“Of Mind and Of Spirit” Extended Short Story

Evan/Eve Miller

Evelyn took a slow shuffle forwards.  Her old legs couldn’t do much more.  Her eyes were squinted nearly closed by wrinkles, and the thin strip of vision left was obscured by gentle-swaying blue tentacles.  Not that there was much to see, anyways.  Just darkness.  Darkness stretching on forever.  But Evelyn wasn’t alone.  No, she was one of three among the void.  Narina, a small, sickly girl with tired eyes and dry tears lay curled on the floor, rolled up in the fetal position.  Her whimpers fell on the deaf ears of the figure beside her.  It loomed over her, its lightless shadow suffocating the poor child. 

The figure’s features were demented.  Its frame was that of a small boy, but a second pair of arms reached from behind its back.  Its stomach was adorned with two sharp claws that reached from bended. . .  not arms, exactly.  More like thin bones, scales stretched across them unnaturally.  It might have had a face.  Maybe not.  Evelyn believed it was in her best interest not to find out.  Whatever lay behind that strange, fur-laden and fox-shaped mask was not meant to be seen by human eyes, no matter how old and cloudy they might be.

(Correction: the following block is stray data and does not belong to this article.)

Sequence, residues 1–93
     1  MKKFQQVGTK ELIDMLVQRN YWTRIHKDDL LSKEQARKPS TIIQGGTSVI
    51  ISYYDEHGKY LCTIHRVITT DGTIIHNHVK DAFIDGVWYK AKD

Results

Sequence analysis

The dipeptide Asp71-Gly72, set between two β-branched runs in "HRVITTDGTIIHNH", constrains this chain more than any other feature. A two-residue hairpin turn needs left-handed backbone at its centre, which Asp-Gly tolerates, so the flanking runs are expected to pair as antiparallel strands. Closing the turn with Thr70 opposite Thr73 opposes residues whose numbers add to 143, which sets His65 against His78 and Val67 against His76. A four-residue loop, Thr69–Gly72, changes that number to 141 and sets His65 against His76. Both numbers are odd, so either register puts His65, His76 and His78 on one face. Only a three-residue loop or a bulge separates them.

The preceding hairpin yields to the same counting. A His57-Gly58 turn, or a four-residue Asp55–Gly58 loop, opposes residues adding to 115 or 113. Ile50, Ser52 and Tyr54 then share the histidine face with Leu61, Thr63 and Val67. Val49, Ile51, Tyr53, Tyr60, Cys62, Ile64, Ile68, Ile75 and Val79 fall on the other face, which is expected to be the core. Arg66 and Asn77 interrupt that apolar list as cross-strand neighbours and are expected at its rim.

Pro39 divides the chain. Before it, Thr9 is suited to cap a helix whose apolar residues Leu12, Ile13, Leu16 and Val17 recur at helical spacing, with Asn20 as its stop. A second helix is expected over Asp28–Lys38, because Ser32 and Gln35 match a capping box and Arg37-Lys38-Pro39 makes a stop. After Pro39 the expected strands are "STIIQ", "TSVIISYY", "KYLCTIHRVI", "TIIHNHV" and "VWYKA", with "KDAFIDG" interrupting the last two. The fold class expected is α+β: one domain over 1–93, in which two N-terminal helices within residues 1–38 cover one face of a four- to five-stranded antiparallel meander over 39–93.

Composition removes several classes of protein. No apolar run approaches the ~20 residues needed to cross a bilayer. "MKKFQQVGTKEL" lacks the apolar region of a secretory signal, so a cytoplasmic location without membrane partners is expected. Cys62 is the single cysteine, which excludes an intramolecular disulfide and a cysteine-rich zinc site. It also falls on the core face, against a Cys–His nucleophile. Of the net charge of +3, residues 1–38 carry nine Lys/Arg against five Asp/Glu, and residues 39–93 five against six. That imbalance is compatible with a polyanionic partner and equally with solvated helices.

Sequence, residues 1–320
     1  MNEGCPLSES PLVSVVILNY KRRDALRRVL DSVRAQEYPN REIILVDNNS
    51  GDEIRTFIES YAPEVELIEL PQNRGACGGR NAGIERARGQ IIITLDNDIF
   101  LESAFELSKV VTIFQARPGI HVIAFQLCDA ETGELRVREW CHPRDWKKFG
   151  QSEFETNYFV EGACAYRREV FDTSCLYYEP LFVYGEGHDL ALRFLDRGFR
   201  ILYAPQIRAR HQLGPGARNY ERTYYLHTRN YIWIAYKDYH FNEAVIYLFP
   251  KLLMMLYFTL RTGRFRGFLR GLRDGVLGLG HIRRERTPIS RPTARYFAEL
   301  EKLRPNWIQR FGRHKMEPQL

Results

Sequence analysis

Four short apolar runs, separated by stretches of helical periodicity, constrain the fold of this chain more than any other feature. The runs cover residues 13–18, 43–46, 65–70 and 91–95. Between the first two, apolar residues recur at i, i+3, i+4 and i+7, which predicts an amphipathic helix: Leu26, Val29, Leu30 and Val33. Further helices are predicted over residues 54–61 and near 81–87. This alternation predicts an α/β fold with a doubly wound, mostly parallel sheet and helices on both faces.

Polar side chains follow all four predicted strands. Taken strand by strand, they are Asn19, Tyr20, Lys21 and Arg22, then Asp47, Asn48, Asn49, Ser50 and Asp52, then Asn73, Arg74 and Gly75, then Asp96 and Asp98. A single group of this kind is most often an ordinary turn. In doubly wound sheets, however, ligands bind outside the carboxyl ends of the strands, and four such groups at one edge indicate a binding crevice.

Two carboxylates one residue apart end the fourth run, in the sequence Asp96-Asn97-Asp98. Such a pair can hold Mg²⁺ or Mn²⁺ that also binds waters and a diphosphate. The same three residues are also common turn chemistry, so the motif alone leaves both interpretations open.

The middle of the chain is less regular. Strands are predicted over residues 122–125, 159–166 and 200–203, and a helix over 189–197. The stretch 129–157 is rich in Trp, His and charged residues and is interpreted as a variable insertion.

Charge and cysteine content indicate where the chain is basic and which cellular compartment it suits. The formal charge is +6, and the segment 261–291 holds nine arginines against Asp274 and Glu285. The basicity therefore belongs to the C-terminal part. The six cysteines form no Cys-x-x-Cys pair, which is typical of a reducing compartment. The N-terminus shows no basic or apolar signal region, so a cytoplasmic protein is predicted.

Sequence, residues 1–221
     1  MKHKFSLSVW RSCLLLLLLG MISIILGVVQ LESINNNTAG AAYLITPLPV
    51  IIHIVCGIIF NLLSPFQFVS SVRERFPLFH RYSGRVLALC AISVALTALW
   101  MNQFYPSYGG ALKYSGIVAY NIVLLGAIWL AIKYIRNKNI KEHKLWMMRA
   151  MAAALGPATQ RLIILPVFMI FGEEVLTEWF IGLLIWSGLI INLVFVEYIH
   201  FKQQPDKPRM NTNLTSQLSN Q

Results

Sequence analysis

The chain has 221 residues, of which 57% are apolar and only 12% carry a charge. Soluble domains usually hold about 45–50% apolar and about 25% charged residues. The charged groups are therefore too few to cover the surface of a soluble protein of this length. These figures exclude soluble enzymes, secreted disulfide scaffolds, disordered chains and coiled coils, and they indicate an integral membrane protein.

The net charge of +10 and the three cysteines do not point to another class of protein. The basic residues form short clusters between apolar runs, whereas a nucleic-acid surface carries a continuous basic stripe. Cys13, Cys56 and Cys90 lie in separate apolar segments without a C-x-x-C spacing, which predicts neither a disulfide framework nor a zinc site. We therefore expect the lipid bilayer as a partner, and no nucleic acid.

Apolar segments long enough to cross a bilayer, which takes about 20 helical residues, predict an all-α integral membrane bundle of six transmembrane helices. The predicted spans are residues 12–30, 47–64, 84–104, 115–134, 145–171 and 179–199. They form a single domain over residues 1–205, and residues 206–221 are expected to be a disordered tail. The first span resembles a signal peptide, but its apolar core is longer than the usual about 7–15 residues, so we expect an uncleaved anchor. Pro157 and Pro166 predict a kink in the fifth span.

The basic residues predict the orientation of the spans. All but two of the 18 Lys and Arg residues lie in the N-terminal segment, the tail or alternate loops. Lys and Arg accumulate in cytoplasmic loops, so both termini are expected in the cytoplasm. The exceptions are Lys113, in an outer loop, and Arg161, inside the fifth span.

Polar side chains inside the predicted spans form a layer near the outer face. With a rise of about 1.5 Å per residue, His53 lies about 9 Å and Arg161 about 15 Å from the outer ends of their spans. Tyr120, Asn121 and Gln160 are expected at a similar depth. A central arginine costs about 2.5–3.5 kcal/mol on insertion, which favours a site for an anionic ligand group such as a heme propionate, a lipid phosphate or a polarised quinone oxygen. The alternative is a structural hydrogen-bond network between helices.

The ball was in chaos, guests running for their coats, parents sweeping up their children and looking around wildly for an exit.  The King shouted out to the crowd, but for once his booming voice went unanswered.  The guards couldn’t do much to calm them either.  Even the mighty Rodenites, the grand knights that kept order throughout the kingdom, struggled to quell their panic.  They’d never experienced a direct attack against one of their own, not in front of the entire kingdom, not within the safety of the castle.